Know the Etymology: 81
Place Name of the Day: Wednesday, 09 August 2017


Tiriyāy, Tiruk-kōyil/ Tiruk-kōvil, Tirumēṉiyūr, Kiri-bamuṇē-gama, Siri-saman-pura, Śrī Jayavardhana-pura Kōṭṭē

திரியாய், திருக்கோயில்/திருக்கோவில், திருமேனியூர், கிரிப₃முணேக₃ம, ஸிரிஸமன்புர, ஸ்ரீ ஜயவர்த₄னபுர கோட்டே
Tiriyāy, Tiruk-kōyil/ Tiruk-kōvil, Tirumēṉiyūr, Kiri-bamuṇē-gama, Siri-saman-pura, Śrī Jayavardhana-pura Kōṭṭē

Tiri+āy/ Tiri+yāy
Tiru+kōyil/ Tiru+kōvil
Tiru+mēṉi+ūr
Kiri+bamuṇa+gama
Siri+saman+pura
Śrī+jaya+vardhana+pura+kōṭṭē


The sacred expanse or the expanse of the sacred place

The sacred temple

The sacred person's or the prelate's village

The auspicious Brahmin village

The town of the sacred deity, Saman; or the auspicious town of the deity, Saman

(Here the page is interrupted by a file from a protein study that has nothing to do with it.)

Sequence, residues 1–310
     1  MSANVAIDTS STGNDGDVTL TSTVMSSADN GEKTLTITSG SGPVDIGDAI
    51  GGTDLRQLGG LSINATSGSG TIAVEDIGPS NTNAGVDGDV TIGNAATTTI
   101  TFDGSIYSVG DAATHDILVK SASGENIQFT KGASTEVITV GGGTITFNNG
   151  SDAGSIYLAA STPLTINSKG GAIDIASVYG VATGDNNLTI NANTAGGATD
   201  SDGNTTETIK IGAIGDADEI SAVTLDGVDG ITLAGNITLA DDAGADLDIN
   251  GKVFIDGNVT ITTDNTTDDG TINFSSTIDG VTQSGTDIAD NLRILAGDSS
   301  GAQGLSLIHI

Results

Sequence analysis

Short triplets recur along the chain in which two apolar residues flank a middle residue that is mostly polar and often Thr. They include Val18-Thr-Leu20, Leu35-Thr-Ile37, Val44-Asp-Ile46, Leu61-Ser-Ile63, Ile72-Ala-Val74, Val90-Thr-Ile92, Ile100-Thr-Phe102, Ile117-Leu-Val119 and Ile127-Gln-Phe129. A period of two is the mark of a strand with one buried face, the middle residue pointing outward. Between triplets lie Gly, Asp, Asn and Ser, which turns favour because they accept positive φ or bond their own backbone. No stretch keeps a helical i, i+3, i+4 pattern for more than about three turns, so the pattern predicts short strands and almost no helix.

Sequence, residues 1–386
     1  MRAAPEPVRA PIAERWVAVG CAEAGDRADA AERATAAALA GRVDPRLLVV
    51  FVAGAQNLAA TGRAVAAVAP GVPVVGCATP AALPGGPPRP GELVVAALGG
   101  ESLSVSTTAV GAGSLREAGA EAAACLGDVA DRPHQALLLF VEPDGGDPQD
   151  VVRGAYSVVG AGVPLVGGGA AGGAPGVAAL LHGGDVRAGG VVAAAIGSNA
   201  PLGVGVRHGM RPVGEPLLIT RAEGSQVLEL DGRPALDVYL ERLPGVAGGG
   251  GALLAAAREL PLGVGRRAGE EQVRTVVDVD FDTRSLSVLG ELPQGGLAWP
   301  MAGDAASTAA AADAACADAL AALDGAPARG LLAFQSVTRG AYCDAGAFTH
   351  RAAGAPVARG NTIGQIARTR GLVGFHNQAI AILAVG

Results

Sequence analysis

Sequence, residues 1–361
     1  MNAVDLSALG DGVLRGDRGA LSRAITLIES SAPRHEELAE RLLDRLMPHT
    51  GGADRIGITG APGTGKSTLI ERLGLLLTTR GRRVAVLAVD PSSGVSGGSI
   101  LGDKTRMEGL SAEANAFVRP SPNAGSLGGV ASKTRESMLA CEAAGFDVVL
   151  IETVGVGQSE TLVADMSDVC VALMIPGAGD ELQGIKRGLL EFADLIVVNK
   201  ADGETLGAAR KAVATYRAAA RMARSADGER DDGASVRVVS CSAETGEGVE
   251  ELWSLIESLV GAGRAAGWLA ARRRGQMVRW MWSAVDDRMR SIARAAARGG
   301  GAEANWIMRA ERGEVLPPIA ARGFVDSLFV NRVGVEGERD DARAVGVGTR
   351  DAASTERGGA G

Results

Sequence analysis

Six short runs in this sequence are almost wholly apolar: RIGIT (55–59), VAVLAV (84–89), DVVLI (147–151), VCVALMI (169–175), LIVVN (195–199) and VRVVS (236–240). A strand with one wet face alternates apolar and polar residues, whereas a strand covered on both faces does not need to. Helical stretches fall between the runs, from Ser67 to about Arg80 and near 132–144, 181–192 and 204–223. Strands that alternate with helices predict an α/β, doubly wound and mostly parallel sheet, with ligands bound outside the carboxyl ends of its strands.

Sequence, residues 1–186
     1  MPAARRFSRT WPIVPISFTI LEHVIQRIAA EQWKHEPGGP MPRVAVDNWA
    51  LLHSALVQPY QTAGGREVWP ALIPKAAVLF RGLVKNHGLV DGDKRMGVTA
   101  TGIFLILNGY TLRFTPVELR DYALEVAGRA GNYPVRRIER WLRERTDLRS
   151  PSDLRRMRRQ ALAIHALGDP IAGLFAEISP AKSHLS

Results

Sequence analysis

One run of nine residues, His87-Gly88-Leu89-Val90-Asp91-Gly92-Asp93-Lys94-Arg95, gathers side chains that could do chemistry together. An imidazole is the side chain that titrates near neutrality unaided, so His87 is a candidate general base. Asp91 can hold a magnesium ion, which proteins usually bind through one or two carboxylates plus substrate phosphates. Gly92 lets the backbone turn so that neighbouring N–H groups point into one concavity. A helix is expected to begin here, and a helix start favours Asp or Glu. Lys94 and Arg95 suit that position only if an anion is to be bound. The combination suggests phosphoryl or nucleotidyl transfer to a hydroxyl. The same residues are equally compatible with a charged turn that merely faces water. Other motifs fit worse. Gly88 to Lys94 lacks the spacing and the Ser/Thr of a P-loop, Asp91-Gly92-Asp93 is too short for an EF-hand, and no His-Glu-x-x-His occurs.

The fort of the prosperous, victory-increasing city


Tiri = Śrī (Sinhala, Sorata, EZ, iv, 114); sacred place, "Puṇyakṣetra", the presiding deity of a sacred place, "Puṇyakṣetrādhipati devatā", (Sinhala, Sorata; meanings of Śrī, relevant to the context); Tiri comes in personal names in Early Brahmi Inscriptions of the island (IC, Vol I, 819, 868); 1. The form of the word is related to Siri: (Sinhala, Paranavitana, IC, Vol I, p. 109); Siriy, Siriy-i: forms of Śrī found in Tamil Brahmi Inscriptions (Tamil, ETE, 2003, 1.2b, 2.2b, 3.2b); Sirī: = Śrī (Pali, Prakrit, CDIAL 12708); Śrī: light, beauty (Sanskrit, Rig Vedic, CDIAL 12708); welfare, riches (Sanskrit, Atharva Vedic, CDIAL 12708); 2. The form of the word is related to Tiru: (Tamil, Paranavitana, IC, Vol I, p. 109). See box on Tiru.